Mix concrete

Concrete for concrete furniture: the finer, the better

Conventional concrete is usually a fairly coarse material. Pebbles up to 12 millimeters in size hardly allow filigree structures. However, cement is just as effective with fine aggregates. There are offers for creative design with concrete, but they are extremely expensive. A 5 kg bucket with creative cast concrete costs 25 euros. However, it is also very easy to produce usable concrete yourself. You need:

  • 1 mixing bucket 10 l (approx. 5 euros)
  • 1 bag of Portland cement (2.50 per 25 kg)
  • 4 sacks of quartz sand 0.4 – 0.8 grain size (approx. 5 euros per 25 kg)

Concrete is always mixed in a ratio of cement to a surcharge of 1: 4. From the specified ingredients, 125 kilograms of fine concrete for garden furniture can be produced at the same price as the finished concrete should cost. You can also mix the concrete a little thicker, this results in a smoother surface and increases the weather resistance. A ratio of 1: 3 can give slightly better results. The concrete produced in this way is so fine that even filigree structures can be produced with it.

Smooth or structured?

You can easily create smooth structures yourself using the appropriate formwork. The contact side of the formwork must be as smooth as possible. Even the “Betoplan” used in construction is too coarse for high demands in the construction of concrete furniture. Painted surfaces, such as chipboard, are ideal. The formwork itself should be made of sturdy plywood at least 3 cm thick. Additional battens prevent sagging. Corners should always be broken with chamfers. A sharp 90 ° angle does not have a long shelf life. For example, silicone can be used to create a corner joint or fillet if a semicircular broken edge is preferred.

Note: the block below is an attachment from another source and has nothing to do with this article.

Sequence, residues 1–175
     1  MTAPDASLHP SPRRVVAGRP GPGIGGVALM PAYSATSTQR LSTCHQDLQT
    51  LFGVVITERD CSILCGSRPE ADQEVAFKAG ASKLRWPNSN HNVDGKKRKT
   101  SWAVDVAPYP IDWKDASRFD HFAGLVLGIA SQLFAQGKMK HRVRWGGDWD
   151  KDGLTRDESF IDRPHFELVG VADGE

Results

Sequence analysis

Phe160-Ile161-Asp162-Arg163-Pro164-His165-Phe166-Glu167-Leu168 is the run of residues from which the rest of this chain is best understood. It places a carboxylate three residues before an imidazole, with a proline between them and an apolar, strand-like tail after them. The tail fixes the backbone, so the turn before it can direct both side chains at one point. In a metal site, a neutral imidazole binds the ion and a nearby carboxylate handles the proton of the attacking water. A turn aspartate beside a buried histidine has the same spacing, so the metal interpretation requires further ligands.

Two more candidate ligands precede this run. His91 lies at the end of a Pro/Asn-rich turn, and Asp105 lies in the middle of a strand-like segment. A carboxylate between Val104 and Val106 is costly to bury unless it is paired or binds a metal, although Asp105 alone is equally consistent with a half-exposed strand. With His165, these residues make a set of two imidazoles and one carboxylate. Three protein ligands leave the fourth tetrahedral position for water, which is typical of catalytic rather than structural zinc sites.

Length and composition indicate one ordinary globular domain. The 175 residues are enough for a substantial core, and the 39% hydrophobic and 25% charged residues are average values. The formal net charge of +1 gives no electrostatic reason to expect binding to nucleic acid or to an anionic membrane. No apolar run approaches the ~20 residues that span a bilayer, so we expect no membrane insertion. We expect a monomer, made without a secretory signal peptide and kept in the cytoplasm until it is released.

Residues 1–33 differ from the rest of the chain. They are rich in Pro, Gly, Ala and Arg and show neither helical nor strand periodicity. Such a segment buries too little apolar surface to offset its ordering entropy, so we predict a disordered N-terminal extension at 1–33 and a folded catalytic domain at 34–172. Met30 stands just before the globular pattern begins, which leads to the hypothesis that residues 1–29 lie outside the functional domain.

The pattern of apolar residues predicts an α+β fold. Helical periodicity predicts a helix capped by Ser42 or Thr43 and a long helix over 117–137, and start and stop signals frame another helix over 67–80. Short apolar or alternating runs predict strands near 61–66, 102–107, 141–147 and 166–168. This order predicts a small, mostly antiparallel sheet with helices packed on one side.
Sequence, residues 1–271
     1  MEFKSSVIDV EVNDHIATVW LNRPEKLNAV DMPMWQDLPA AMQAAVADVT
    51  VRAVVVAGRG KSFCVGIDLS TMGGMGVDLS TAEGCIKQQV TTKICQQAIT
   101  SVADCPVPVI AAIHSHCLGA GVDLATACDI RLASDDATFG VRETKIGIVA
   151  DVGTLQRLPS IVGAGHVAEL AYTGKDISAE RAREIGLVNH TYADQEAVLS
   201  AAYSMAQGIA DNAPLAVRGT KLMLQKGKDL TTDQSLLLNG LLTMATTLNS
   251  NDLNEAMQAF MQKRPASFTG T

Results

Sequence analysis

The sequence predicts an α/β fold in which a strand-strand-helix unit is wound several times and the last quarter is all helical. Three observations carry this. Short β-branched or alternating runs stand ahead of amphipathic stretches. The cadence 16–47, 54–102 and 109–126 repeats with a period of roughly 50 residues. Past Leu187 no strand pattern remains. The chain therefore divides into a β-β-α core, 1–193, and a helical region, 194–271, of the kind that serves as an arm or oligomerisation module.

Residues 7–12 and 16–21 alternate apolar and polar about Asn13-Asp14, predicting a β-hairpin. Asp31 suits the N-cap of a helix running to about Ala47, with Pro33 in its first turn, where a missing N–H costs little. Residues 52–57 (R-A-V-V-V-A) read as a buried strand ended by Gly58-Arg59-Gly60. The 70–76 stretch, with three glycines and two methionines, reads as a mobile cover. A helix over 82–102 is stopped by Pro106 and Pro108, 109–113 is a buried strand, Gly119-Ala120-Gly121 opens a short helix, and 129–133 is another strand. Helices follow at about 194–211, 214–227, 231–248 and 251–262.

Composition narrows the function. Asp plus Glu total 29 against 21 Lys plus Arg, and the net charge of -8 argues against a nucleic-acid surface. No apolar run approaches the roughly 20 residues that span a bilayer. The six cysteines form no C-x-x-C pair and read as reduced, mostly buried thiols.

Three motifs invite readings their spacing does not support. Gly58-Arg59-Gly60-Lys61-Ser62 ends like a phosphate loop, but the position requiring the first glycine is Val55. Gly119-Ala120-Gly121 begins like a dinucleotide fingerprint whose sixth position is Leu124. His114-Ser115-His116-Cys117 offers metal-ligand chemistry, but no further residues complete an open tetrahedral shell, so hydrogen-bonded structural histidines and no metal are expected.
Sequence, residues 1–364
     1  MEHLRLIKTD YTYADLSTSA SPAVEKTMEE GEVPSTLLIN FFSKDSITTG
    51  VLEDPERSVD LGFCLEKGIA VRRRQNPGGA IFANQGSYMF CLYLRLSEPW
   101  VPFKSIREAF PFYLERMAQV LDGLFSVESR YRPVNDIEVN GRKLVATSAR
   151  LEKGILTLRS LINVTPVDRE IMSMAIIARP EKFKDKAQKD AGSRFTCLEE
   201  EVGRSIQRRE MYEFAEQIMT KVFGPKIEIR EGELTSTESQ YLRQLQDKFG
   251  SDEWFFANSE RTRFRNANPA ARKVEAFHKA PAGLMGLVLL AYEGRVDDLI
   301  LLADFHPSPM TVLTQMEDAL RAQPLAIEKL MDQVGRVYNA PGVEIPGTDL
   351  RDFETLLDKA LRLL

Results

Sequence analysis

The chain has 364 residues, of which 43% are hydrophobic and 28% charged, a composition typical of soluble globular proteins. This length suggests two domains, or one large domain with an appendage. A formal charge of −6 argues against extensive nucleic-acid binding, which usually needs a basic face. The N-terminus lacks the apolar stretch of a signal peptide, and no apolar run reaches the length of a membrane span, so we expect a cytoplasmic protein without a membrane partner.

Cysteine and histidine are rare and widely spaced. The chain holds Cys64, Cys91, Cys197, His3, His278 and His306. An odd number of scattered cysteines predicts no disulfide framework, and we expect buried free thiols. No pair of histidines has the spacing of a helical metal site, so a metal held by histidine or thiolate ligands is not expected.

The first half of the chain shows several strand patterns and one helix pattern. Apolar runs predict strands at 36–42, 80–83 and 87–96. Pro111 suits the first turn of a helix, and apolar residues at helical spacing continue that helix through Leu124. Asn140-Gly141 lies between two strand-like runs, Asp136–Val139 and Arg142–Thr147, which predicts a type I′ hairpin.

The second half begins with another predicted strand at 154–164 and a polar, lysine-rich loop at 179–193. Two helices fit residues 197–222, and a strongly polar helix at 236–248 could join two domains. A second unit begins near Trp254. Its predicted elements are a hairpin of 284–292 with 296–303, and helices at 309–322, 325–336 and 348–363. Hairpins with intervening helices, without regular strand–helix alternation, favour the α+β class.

Before casting, the formwork must always be well oiled. At 35 euros per 5L canister, formwork oil is quite expensive, but it is very economical. It is optimal for this purpose as it does not leave any discoloration on the concrete. Tests with the machine or cooking oil are therefore not advisable.

Structural formwork is made of silicone. A large selection of these can be found in specialist shops. With the appropriate skill, you can also make them yourself. To do this, you build a small formwork, place a sample piece in it and cover it with normal bathtub silicone. When it has hardened, you remove the sample and can now make as many duplicates in concrete as you want. You should always give yourself plenty of time when stripping. A resting period of 3-4 days can prevent the edges from cracking when stripping.

To seal

So that the concrete furniture is weatherproof, it still has to be sealed. Colorless sealing is recommended so that the concrete retains its character. A 2.5 L canister with a concrete/stone seal costs around 25 euros. The clear coat of paint reinforces the color and makes for a particular aesthetic look.

Tips for readers in a hurry

  • Make concrete for furniture and decorative elements yourself
  • Always oil concrete formwork
  • Always seal concrete furniture
  • Always build as thin as possible
  • Always chamfer or fillet the edges